Click on image to access the book on the Goggle Books site
(you can download the PDF fil
e there)

While looking through the excellent Google Books site, I was very pleased to stumble across this contemporary account- printed in 1750- of the War of the Austrian Succession, penned by someone named Richard Rolt.

In 1750 the conflict had not long been over, and Rolt refers to it as "The Late General War"- obviously the name by which we call the war now was not then universally known.

Once you get used to the different spelling conventions (for example, the printers convention where an "f" stands in for "s") and to its more complex syntactical structure, it provides a fascinating account of the conflict seen through contemporary eyes just two years after the Treaty of Aix-la-Chappelle, and six years before the start of the SYW.

Saturday, October 18, 2008

"Blutige Rückseiten"

Not a lot of blogging time for me recently. Work has been keeping me pretty busy at the computer, and the last thing I've been wanting to do when I got home was to spend even more time gazing at a monitor!

I have been able to get in some painting time- which should trump blogging anyway if I am to make any progress on the heaps of lead and pewter that I have stacked around the house.

But I have no intention of seeing my blog go dormant, so while I work on my French and Dutch, here is the plan for the Hanoverian infantry brigade. I will be recruiting these fine fellows from Front Rank.

click on the picture for a bigger view

Monroy's Brigade was present with the Army of the Pragmatic Sanction at the Battle of Dettingen in 1743. It consisted of the following regiments;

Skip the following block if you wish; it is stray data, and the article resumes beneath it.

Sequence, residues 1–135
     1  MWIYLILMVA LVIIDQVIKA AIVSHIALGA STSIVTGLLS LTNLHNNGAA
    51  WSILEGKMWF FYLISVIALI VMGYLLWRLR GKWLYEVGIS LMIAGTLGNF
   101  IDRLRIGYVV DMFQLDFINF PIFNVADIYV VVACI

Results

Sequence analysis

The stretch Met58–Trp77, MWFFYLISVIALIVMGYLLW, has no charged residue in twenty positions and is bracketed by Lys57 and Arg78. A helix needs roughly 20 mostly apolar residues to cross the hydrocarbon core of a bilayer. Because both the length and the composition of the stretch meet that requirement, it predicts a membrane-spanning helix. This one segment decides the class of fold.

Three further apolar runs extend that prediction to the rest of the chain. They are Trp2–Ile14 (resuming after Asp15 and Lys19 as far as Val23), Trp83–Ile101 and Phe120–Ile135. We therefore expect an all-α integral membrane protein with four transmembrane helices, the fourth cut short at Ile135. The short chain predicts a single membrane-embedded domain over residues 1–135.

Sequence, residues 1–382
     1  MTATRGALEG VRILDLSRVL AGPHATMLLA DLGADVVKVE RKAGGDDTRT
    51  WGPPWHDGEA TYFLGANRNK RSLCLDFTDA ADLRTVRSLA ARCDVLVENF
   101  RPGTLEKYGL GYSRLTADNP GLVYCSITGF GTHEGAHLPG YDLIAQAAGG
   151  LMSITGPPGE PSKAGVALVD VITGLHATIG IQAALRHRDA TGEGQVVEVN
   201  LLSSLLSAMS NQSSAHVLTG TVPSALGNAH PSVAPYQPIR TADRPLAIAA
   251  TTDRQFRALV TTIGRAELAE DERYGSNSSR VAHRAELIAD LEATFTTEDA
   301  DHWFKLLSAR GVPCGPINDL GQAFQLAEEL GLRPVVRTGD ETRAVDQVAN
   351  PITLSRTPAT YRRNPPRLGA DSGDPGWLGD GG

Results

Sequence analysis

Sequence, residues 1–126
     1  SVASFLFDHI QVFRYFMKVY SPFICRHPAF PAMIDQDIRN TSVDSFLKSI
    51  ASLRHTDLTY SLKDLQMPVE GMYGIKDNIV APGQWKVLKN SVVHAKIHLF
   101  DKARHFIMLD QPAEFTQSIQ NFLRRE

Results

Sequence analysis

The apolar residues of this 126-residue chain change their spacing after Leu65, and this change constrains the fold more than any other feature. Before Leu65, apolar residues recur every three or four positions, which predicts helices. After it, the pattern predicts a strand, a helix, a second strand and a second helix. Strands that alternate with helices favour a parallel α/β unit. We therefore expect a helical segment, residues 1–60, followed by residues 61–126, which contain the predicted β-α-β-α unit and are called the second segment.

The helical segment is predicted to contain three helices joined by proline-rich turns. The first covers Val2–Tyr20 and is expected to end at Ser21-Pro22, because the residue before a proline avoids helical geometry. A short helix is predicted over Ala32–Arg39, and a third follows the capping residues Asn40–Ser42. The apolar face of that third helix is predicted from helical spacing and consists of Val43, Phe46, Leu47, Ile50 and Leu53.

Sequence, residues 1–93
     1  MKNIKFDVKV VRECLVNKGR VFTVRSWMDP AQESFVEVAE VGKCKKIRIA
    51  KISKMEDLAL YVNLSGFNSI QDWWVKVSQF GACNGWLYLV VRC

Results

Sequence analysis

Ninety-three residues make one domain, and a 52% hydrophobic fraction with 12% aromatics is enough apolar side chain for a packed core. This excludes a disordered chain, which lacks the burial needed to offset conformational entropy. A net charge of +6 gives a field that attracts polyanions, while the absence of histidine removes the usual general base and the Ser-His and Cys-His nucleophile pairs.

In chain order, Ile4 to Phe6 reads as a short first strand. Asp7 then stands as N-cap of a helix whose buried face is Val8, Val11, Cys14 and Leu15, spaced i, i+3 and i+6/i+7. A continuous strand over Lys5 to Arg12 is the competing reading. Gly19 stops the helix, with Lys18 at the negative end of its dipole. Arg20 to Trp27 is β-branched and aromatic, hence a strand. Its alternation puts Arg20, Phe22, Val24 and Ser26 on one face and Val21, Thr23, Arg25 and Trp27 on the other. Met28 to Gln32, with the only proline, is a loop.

• Zastrow (SYW No. 1B Alt-Zastrow)
  • Monroy (SYW No. 4B von Stolzenberg)
  • Middacten (SYW No.5A von Grote)
  • Böselager (SYW No. 7A von Wangenheim)
  • Sommerfeld (SYW No. 10A von Post)
I already have two stark-naked metal battalions already lying around and taunting me with their (unfinished) presence, but I will not be working much if at all on the Hanoverians until I have at least two other brigades painted and based (I really need to get working on increasing my collection of French). Still, it's good to have a plan.

Sunday, October 12, 2008

More Dutch from Eureka

On this thread on TMP, "Der Alte Fritz" asked for more pictures of the new War of the Austrian Succession Dutch range from Eureka. So for our favorite Prussian monarch here in cyberspace, here are some more.

From left to right: grenadier, grenadier drummer, officer with spontoon, mounted colonel, line drummer (rear view), and sergeant with halberd.

I don't have any cavalry or artillery yet- they'll be coming next month.

Saturday, October 11, 2008

Roucoux Day!

Today marks the 232nd anniversary of the Battle of Roucoux. I shall mark it by starting work on my Dutch infantry.

By way of commemoration, here's something about the preeminent hero on the Allied side, General John, Earl Ligonier, the energetic commander of the British cavalry. He seems to have had the unenviable role of being left to pull what remained of the charred chestnuts out of the fires started by the unfortunate Duke of Cumberland.

John, Earl Ligonier